Award season has descended upon us and with it an amplified discussion of the #MeToo movement and the Time's Up legal defense fund for victims of sexual harassment and assault. Men in Hollywood are facing a reckoning, and award shows this season have become platforms for this important cause and also reminders about how many men still out there may be walking around with skeletons in their closets.

While new accusations may emerge during this award show season and it's important that they do, it's also important that men who have already been accused of harassment or assault are no longer nominated, that abusers are no longer recognized with a statue for a part in a movie.

There is no separating the art from the sexual predator, and organizations like the Academy and the Hollywood Foreign Press need to step up their standards.

A few short weeks ago, James Franco won the Golden Globe for Best Actor in a Comedy for his role in The Disaster Artist.

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He showed up to the event — at which women wore black in solidarity with victims of sexual assault — wearing a Time's Up pin in support of the movement.

On Thursday, Franco again won for The Disaster Artist at the Critics' Choice Awards.

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In between the two award shows, five women accused Franco of sexual misconduct and assault. Franco appeared on more than one late-night television show to sloppily and incompletely address the allegations.

James Franco is a sexual predator. But the real problem is that we already knew this. We've known this for years.

He was a known sexual predator long before the Golden Globes. In 2014, he was caught propositioning a 17-year-old over text and took to television (LIVE with Kelly and Michael) to express that he was embarrassed and claimed that "social media is tricky."

But being predatory wasn't enough to exclude him from Hollywood award shows.

He should have never been nominated for a Golden Globe. And after the Golden Globes, after five women formally came out with accusations against him, he should have been taken out of the category at the Critics' Choice Awards.

When he actually won, it just highlighted how inappropriate it was for him to even be considered for the award following the allegations.

What would have happened if James Franco was taken out of consideration for the award? Would the "symmetry" of the show be off? Too bad. If Hollywood is serious about fixing this problem, they must stop allowing known predators to be praised. Of course, this instance with James Franco is far from the first time this has happened...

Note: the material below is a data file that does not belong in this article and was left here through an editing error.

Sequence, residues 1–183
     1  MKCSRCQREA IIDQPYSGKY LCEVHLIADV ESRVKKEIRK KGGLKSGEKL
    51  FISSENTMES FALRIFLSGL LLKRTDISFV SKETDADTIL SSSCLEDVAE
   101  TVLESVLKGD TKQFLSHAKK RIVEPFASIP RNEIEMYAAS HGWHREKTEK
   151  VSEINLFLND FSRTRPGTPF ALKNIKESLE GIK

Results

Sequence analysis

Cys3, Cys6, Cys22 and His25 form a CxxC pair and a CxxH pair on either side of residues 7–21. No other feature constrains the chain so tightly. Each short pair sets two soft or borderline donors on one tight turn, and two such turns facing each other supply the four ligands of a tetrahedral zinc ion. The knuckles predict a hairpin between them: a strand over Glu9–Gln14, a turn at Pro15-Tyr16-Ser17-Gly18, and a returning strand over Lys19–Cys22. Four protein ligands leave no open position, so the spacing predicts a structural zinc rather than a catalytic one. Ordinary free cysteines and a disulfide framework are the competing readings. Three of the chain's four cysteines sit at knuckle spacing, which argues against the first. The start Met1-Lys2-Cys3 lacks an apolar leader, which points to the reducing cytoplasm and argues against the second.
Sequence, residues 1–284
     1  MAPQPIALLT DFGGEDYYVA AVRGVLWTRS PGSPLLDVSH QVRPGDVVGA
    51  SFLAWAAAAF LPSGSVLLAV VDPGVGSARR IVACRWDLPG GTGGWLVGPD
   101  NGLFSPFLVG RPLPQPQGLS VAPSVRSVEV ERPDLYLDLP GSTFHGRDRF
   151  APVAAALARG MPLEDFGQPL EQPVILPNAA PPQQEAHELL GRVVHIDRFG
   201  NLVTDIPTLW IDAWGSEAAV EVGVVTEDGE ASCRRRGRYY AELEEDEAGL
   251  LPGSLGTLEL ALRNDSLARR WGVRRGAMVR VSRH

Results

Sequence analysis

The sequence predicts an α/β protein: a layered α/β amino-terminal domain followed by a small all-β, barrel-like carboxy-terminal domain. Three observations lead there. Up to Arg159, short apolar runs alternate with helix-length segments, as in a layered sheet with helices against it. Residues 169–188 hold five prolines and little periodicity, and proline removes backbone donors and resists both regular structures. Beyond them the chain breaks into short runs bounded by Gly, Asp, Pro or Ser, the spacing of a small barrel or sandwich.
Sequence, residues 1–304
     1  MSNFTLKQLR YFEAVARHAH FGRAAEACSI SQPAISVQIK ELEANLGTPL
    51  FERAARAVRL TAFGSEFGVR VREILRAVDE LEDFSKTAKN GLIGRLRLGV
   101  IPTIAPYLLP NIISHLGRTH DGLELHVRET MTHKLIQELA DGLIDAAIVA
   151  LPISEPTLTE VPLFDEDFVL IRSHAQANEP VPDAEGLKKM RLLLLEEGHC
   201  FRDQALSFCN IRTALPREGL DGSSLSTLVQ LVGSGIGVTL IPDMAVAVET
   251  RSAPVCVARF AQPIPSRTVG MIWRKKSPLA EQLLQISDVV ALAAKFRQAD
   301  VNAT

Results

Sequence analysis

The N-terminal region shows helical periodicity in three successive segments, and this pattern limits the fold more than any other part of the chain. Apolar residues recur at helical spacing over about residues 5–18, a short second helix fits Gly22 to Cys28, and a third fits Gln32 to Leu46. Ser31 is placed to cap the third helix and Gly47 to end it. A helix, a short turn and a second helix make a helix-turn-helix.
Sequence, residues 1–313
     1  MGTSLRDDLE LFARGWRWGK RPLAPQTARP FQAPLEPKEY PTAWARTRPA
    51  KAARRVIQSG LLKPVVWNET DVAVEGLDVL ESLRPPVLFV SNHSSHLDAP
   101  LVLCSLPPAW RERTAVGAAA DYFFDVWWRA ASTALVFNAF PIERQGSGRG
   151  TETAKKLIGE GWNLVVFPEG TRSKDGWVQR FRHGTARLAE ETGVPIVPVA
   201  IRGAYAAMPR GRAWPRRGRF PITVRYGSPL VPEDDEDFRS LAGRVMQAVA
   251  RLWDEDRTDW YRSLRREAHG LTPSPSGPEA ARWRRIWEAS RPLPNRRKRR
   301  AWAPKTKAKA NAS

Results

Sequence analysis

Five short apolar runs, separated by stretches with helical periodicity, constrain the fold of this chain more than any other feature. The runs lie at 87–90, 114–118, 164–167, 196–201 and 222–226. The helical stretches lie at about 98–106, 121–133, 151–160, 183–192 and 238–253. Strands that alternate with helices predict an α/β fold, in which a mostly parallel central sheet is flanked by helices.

Last year, Casey Affleck won the Academy Award for his role in Manchester by the Sea.

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But in 2010, he was accused of sexual harassment by Magdelena Gorka, a cinematographer who worked with Affleck on I'm Still Here.
Actress Constance Wu slammed the Academy for even putting this guy in consideration for an award, tweeting out a statement that said, "He's running for an award that honors a craft whose purpose is examining the dignity of the human experience & young women are deeply human... Art doesn't exist for the sake of awards, but awards DO exist to honor all that art is trying to accomplish in like. So context matters."

I would also submit the idea that yes, the Academy Awards are perhaps the most notable entertainment awards in the world, but they're also just f***ing statues.

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An Oscar is not — cannot be — worth more than a woman's life. But the Academy, and other organizations behind award shows, have proven time and again, with James Franco, with Casey Affleck, with Sean Penn, with Woody Allen, with David O. Russell, and I'm sure with many others, that men can still be known abusers and be rewarded for their films.

Of course there are many more steps that need to be taken to ensure that sexual abusers are silenced.

They shouldn't be paid to make movies to begin with. Their power and clout should be stripped from them immediately. Once they're accused they should disappear, like James Franco seems to be doing. They should have to face the consequences of their actions. But it is exceedingly easy for award shows to step up and remove sexual predators from their lineups. Who cares if there are five nominees instead of six? No one. But everyone will be wronged when a man who has preyed on women is honored with his name read aloud at a prestigious award show.

Preservation of tradition should not be worth the pain caused when a predator's name goes up in lights at the Oscars.

A fundamental shift is occurring, and the systems that be must change with the tide. The days of men getting away with sexual misconduct of any kind are over, and the days of them being celebrated despite accusations must end too.